These events disturbed him a great deal and, when his companions returned to the hospital in the morning, they went to look at one of the rooms in the hospital that Aaron had seen in his dream. It was occupied by an elderly woman far gone with senile dementia, and they found no clues as to the source of the dream or the lost time. Still, Aaron agreed to stay in the hospital another night, mainly to give Roxy and Solis time to break into the administration office to look for anything interesting.
They didn’t find anything in the office, but Aaron did find an old grocery sack with the remains of someone’s lunch in it in a trash can near the loading dock. The bag was marked Olsen’s Family Market. And in the morgue, Roxy and Solis found a record of a young private killed by a falling tree, whose postmortem exam revealed strange calciferous tumours on his soft tissues. The body had already been released, so they couldn’t examine it first hand.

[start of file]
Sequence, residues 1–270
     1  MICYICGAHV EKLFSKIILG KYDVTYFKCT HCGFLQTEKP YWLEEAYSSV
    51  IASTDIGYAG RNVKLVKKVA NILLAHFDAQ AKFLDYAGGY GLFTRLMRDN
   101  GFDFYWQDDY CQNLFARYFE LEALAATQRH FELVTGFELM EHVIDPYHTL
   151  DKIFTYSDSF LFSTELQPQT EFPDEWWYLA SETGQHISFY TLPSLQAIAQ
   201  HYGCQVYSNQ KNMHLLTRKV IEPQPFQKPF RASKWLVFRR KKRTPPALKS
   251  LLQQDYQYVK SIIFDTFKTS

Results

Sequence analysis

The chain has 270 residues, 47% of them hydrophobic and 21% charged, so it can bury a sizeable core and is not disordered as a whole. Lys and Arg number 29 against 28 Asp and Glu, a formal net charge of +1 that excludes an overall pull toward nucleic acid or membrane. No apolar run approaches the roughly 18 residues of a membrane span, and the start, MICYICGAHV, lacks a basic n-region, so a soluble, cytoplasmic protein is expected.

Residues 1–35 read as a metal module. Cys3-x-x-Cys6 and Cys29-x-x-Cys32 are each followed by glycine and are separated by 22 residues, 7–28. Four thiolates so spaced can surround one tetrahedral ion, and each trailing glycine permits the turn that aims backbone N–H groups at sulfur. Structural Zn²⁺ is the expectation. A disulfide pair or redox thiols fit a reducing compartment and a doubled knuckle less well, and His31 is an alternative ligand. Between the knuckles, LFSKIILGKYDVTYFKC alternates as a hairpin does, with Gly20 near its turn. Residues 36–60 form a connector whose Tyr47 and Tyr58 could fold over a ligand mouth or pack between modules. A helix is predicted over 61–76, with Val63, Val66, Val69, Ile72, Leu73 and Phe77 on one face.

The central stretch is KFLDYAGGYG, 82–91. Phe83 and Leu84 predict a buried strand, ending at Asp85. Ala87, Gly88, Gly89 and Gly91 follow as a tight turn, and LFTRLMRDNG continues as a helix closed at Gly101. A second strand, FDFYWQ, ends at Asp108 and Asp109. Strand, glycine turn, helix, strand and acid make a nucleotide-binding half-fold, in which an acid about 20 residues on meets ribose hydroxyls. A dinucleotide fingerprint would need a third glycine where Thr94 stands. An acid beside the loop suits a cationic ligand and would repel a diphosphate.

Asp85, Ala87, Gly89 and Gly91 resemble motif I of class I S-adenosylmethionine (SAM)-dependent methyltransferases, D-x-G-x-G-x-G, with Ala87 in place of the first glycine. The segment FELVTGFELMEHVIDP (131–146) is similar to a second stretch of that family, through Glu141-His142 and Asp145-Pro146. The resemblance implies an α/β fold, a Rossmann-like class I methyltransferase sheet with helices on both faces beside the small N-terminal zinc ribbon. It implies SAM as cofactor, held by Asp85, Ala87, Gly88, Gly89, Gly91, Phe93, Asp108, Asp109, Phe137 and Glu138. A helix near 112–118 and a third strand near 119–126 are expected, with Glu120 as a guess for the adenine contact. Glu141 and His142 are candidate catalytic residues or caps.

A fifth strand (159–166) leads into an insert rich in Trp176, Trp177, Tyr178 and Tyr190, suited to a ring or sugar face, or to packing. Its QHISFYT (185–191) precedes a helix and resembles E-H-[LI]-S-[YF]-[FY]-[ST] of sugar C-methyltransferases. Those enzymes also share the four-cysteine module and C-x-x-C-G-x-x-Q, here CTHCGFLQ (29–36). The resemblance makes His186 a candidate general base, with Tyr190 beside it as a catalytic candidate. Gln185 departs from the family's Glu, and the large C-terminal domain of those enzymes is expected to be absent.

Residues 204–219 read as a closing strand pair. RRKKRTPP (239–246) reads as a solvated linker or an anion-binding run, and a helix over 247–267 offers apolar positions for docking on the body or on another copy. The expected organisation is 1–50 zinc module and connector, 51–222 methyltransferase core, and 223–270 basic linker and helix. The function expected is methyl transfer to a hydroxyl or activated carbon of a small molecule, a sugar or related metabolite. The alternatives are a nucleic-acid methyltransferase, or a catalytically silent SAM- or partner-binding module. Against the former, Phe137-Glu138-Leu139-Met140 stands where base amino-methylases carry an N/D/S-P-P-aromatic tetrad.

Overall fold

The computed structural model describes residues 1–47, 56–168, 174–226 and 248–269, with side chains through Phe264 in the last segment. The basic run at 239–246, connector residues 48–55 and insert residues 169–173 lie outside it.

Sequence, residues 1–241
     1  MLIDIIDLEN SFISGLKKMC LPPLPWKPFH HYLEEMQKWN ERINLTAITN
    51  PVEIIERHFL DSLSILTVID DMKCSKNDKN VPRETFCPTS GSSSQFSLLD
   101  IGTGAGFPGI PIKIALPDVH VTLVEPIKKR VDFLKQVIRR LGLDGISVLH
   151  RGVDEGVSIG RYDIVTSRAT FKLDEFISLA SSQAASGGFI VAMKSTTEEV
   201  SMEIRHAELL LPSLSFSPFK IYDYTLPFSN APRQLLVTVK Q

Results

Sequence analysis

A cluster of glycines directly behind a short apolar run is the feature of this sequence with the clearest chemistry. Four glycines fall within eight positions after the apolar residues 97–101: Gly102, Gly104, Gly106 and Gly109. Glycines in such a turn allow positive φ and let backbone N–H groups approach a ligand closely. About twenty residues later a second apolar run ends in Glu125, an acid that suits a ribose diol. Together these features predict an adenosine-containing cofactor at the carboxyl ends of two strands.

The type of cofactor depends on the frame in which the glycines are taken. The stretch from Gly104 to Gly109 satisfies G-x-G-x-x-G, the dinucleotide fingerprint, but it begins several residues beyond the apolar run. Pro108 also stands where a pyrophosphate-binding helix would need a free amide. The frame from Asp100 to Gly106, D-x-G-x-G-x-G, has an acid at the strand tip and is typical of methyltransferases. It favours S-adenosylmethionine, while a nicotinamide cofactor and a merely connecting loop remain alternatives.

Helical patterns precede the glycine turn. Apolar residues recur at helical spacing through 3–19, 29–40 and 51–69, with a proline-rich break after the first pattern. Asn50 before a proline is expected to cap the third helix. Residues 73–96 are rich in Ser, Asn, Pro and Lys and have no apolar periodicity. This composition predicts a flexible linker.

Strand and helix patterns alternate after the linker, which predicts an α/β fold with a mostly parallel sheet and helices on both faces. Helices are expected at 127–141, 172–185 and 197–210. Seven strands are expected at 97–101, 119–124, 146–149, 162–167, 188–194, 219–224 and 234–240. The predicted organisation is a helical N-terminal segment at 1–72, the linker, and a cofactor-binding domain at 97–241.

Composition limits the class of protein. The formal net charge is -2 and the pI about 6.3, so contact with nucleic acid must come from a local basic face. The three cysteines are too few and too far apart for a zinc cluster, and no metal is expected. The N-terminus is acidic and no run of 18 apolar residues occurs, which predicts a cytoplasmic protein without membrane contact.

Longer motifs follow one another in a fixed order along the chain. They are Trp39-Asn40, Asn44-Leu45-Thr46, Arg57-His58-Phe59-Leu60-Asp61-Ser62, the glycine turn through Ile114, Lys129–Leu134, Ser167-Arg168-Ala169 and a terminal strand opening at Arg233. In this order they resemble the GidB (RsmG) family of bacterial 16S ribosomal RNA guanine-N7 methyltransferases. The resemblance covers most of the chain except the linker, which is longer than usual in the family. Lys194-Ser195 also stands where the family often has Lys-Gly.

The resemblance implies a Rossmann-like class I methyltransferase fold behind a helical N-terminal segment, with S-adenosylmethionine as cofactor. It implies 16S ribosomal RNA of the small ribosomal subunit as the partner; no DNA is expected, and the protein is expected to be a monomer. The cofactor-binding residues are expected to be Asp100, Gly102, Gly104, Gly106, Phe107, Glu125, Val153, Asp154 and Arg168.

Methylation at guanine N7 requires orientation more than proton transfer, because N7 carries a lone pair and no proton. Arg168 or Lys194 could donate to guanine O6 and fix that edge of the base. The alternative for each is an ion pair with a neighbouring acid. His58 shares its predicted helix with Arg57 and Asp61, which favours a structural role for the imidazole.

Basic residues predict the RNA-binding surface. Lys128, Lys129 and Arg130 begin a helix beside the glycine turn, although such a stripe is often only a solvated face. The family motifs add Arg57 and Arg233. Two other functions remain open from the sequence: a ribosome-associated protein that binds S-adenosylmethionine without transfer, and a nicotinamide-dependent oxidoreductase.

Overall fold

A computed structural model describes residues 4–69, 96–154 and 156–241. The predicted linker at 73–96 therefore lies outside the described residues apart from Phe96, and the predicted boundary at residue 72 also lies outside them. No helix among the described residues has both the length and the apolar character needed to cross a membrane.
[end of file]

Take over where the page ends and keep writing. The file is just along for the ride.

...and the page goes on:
The next day, they went to the county office, and found out that the military was indeed building a new base out at Monument Creek, so named because of the neolithic mounds and standing stones near the source of the creek. They decided that they needed to go out and take a look at the base (and maybe the mounds and standing stones), but first went to Olsen’s Family Market to check it out. They spoke to Olaf Olsen, the owner and proprietor, and found him a genial but thoroughly mundane fellow.